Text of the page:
Young Brits are snubbing traditional jobs

A nationwide study into the career aspirations of modern Brits has revealed the extent to which many traditional or practical roles are being rejected by today’s young people, as the number one dream job of 16-30-year olds emerged as travel blogger…

Second in the list, according to the poll, was computer game designer (12 percent), with photographer coming third. (10 percent). Social media influencer, bar owner, stylist, creative director and professional footballer also made the list of dream jobs modern youngsters are working towards.

Last year, the number of teachers working in state schools in the UK fell to its lowest level since 2013, according to the Department of Education and early last year, applications to study nursing in England fell for the second year in a row (UCAS).

The study of 2,000 Brits, commissioned by loan and mortgage provider, Togethermoney.com, found as many as three-quarters of youngsters said the thought of following in their parent’s footsteps was “depressing”. This has, not surprisingly, led to family arguments, with over half having rowed with their parents about their career choices.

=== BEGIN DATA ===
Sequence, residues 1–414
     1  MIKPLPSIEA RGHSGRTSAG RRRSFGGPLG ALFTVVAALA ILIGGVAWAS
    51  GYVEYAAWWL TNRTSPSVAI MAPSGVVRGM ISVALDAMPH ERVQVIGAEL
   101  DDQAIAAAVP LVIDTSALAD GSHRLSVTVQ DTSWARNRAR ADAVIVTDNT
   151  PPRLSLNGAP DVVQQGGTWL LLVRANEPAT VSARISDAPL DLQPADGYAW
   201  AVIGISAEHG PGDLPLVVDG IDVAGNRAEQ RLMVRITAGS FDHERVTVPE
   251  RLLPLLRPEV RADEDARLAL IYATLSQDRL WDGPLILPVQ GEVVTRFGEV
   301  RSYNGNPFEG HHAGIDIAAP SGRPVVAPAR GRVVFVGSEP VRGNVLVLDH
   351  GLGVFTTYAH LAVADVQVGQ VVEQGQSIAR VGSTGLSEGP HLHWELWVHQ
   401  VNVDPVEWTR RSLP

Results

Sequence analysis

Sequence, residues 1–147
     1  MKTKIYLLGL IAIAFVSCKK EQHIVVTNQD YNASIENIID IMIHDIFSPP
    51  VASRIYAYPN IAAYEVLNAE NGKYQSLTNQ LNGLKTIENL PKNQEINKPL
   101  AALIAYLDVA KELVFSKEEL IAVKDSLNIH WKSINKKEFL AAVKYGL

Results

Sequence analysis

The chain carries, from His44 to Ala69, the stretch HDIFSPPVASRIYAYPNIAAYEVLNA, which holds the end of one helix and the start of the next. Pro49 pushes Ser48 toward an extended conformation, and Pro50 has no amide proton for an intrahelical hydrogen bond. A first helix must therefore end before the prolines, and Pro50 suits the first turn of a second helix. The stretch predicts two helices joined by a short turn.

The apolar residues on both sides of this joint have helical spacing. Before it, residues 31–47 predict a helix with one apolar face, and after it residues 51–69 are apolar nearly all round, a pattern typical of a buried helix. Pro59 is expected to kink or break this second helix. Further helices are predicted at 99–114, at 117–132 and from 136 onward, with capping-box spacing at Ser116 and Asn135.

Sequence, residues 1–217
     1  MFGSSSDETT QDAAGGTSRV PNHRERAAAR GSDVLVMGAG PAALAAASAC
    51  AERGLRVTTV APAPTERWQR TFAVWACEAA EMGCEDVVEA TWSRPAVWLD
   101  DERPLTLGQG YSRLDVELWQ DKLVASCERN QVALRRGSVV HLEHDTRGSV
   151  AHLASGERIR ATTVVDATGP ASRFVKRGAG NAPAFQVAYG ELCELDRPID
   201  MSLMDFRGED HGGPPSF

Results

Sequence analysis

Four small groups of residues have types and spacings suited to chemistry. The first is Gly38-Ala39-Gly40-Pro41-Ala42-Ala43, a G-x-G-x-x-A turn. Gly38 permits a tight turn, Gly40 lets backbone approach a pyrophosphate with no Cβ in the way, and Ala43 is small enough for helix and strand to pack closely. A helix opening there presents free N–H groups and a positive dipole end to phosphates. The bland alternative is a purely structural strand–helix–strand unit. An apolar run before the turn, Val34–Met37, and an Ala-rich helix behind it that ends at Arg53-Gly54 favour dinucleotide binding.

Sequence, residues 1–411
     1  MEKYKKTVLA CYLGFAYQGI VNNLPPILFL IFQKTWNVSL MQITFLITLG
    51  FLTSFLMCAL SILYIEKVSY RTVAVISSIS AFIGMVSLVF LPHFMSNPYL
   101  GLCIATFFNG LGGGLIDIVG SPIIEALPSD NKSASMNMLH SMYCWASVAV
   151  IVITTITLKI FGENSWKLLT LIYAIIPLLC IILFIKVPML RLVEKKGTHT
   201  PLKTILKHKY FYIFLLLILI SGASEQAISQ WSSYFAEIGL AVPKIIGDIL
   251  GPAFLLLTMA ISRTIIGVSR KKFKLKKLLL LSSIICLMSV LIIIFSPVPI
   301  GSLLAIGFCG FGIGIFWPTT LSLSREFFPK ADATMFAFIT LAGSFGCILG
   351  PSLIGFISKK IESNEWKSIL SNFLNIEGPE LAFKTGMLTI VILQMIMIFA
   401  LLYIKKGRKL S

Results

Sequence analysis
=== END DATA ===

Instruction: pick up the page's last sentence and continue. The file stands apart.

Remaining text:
Pete Ball, Together’s personal finance CEO said: “Times have changed massively between generations, as our study shows. Young people seem to be shunning the trades their parents followed in favour of jobs they perhaps see as more exciting and creative.

They want more flexibility in the way they work; so, they may want to take on short-term contracts or become their own boss, for example. The research just goes to highlight how the idea of ‘normal’ jobs – the type their parents had – could become a thing of the past. We may be moving towards a ‘new normal’ when it comes to younger generation’s career aspirations.”

The study also revealed the perception shift in modern Brits in relation to their careers. While job flexibility is crucial for 90 percent of 16-30-year-olds, it is only important to 67 percent of over-50s. So, it is no surprise to find 16 percent of 16-30-year-olds are self-employed or running their own business.

30 percent of young Brits believe that it’s important that their job reflects who they are as a person, something to really take time over and think about when deciding what to do after those school years – university or head into work…?

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